Washington, DC (August 22, 2022) – The Journal of Science Policy & Governance (JSPG) and the Department of Science, Technology, Engineering and Public Policy at University College London (UCL STEaPP) are proud to announce the release of Volume 20, Issue 03, the journal’s second Special Topics Issue of 2022, on Innovations in Science Diplomacy.
“Our authors have demonstrated the wide-ranging utility of science diplomacy, from maritime borders to expanding infrastructure in the global south and even the search for extraterrestrial life. This issue showcases the creativity and innovation of emerging researchers, committed to expanding the reach of this nascent field. I’m very proud of this special issue and what our authors have produced,” said Andy Sanchez, JSPG’s Assistant Editor-in-Chief for Special Editions.
In the 8 published articles, authors in this special issue of JSPG highlight a number of topics that range from collaborative efforts in science diplomacy in international organizations and spaces, and fostering national development using Big Science, to national considerations including leveraging scientific diaspora networks and scientists in embassies, all the way to how research in science diplomacy is carried out.
“The quality and relevance of these articles are a testament to the untapped potential of ECRs and their contribution to the field of science diplomacy,” said Joanna Chataway, Professor and Head of Department of Science Technology, Engineering & Public Policy at University College London.
The Special Topics Issue competition, judged by an external review committee, aims to provide winning authors of the top 3 publications with opportunities to present at a science diplomacy event featuring representatives from different countries and international organizations. More information on the event will be shared at a later date.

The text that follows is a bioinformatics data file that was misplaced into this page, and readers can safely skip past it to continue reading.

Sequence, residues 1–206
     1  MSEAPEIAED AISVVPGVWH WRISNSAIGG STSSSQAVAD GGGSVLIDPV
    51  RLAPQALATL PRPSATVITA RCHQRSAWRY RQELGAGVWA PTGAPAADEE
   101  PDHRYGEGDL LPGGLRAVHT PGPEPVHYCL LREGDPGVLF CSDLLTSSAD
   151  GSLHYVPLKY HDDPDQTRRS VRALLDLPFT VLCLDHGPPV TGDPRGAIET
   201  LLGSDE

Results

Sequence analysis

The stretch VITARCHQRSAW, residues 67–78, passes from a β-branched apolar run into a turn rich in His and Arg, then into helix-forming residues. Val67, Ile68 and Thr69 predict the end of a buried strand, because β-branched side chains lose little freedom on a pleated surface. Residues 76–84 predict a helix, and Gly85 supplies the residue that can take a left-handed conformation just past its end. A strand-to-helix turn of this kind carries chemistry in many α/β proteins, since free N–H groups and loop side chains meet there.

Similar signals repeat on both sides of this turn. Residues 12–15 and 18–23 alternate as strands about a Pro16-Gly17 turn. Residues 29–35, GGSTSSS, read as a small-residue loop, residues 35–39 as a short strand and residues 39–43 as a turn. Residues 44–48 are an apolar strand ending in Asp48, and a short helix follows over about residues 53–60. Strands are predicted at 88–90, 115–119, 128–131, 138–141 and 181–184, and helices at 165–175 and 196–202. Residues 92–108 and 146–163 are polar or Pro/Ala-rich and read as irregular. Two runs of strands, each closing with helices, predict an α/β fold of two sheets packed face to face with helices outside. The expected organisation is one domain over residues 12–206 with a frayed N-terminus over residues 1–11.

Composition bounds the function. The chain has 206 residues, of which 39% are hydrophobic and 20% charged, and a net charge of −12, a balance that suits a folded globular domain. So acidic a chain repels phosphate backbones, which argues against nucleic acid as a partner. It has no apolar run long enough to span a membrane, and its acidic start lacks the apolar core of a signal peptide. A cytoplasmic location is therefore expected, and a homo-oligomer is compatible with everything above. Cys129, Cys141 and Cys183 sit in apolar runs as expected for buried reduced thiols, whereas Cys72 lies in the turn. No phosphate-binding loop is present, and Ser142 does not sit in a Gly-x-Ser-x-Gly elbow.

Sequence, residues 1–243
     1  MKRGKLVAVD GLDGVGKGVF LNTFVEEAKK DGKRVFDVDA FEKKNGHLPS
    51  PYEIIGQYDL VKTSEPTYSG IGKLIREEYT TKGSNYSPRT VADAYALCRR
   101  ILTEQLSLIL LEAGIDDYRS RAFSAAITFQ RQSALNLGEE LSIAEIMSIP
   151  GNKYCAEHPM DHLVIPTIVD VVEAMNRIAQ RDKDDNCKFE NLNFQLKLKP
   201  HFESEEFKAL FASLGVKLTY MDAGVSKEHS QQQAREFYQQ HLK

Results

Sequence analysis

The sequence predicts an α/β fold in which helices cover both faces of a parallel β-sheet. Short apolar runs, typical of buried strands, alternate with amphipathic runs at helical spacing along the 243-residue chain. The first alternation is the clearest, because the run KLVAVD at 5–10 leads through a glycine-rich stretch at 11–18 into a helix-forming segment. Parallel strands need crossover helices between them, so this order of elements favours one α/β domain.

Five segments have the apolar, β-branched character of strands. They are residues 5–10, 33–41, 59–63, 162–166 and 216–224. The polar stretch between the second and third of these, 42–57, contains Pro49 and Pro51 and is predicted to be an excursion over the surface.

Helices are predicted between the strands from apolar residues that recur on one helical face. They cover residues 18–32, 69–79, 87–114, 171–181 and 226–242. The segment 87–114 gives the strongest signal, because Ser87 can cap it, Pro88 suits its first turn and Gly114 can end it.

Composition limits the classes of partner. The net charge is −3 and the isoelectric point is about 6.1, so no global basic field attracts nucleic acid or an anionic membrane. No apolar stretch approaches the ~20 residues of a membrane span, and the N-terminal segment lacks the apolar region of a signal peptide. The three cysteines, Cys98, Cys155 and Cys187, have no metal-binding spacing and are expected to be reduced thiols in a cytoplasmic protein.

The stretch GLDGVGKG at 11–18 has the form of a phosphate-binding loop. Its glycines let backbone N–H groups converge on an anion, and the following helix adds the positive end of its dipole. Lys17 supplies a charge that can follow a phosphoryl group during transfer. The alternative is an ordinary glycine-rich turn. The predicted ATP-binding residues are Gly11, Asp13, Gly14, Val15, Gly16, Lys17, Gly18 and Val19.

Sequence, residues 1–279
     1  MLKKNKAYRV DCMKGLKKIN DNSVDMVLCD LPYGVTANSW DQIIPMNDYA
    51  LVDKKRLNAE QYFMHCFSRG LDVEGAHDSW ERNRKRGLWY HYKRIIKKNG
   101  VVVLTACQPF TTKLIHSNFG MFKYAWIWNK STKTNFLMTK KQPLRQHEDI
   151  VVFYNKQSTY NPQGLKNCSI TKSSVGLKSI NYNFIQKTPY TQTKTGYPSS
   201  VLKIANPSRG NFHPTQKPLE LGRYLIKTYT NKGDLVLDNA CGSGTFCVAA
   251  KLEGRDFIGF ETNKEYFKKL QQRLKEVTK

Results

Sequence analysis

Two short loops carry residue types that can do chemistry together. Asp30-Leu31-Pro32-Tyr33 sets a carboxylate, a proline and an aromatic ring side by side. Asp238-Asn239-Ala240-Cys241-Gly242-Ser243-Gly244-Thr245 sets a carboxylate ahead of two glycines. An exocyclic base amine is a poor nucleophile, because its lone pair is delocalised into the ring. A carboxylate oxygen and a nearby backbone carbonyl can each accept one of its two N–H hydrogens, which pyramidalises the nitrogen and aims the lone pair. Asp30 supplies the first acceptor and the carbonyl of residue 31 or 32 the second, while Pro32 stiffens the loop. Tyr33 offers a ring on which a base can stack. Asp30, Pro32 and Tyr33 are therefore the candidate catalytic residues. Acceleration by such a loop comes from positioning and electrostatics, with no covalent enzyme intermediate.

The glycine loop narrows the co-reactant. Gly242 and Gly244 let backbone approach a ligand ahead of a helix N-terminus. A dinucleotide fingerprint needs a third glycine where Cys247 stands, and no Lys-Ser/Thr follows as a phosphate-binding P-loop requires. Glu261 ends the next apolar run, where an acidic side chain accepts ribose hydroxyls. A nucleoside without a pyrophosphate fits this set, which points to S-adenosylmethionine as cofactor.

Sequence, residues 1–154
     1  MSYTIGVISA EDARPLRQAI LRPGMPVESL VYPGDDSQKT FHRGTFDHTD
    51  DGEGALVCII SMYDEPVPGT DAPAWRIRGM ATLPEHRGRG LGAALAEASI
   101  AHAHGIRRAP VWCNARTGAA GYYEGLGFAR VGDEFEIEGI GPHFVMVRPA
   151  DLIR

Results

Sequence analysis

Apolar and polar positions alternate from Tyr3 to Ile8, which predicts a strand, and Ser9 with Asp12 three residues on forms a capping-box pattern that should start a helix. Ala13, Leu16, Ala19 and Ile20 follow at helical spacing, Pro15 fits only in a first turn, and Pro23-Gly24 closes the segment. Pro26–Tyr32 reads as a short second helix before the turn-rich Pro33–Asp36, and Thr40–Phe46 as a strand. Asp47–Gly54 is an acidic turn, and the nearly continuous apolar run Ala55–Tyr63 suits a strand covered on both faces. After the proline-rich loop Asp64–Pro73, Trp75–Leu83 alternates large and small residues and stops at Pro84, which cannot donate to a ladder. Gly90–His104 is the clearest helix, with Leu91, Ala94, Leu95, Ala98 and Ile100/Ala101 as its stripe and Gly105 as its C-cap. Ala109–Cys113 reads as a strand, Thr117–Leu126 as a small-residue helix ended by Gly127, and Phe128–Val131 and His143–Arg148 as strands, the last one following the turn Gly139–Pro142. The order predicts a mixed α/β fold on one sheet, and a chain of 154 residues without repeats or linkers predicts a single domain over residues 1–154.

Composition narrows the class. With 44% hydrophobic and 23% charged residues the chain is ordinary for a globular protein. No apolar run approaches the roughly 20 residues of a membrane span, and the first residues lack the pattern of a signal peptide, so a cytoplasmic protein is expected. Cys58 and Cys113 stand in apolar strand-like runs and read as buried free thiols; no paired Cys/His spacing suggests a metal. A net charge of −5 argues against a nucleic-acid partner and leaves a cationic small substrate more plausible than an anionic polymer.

The winners of the JSPG & UCL STEaPP competition for the Special Topics Issue are as follows:
- First place: Rising Seas and Uncertainties: Establishing Static Maritime Borders to Ensure Equity in the Face of Sea Level Rise (Lauren Wagner, Ka Man Jasmine Yu and Fiona B. Dunn)
- Second place: Advance U.S. International Diplomacy Efforts by Expanding Eligibility in the Embassy Science Fellows Program (Rami Major, JP Flores and Rachel Cherney)
- Third place: Anticipatory Science Diplomacy as a Governance And Cooperation Mechanism for the Search for Extraterrestrial Life (George Profitiliotis)
We thank competition reviewers for their efforts and greatly appreciate their input towards selecting the winners: Elke Dall (Centre for Social Innovation); Lorenzo Melchor (European Commission); Tomoko Steen (Georgetown University) and Soledad Quiroz Valenzuela (INGSA).
“Through this Special Topics Issue, JSPG is proud to partner with UCL STEaPP to provide an opportunity for young scholars from around the world to envision the future of science diplomacy and to advance this growing field with increasing scholarly attention over the past decade,” said Adriana Bankston, JSPG’s CEO and Managing Publisher.
This issue is supported in-kind by outreach partners from the International Network for Government Science Advice (INGSA), the European Union Science Diplomacy Alliance and the Global Young Academy Incubator Group on Science Diplomacy in the Americas.